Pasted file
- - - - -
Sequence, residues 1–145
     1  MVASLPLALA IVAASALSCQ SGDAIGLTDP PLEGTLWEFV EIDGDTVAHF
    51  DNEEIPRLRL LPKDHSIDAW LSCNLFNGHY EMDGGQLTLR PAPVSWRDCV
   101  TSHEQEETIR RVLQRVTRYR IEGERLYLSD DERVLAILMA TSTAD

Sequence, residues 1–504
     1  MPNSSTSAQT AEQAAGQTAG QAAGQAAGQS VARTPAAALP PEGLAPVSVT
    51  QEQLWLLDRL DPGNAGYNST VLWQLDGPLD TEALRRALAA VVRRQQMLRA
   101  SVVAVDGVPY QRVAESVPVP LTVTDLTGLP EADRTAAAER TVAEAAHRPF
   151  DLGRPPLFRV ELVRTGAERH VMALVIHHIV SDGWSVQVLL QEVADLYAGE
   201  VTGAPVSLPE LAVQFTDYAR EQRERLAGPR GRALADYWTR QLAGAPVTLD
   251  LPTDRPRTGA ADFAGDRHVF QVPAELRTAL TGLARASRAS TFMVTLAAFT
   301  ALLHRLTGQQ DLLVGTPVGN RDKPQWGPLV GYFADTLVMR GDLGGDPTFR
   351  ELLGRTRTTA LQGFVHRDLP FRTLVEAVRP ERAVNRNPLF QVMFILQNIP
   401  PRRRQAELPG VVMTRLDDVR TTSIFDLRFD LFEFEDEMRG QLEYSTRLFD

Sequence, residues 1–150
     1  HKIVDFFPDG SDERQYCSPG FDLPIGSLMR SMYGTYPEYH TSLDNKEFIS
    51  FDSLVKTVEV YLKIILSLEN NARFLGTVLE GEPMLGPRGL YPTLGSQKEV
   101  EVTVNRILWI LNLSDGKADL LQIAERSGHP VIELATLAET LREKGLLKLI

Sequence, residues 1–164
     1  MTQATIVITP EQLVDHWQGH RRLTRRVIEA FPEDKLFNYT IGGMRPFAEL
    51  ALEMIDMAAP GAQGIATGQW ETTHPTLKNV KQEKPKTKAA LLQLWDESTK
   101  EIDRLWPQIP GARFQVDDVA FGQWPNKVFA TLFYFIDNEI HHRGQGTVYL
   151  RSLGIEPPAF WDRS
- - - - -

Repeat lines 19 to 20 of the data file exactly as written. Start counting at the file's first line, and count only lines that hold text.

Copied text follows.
Sequence, residues 1–164
     1  MTQATIVITP EQLVDHWQGH RRLTRRVIEA FPEDKLFNYT IGGMRPFAEL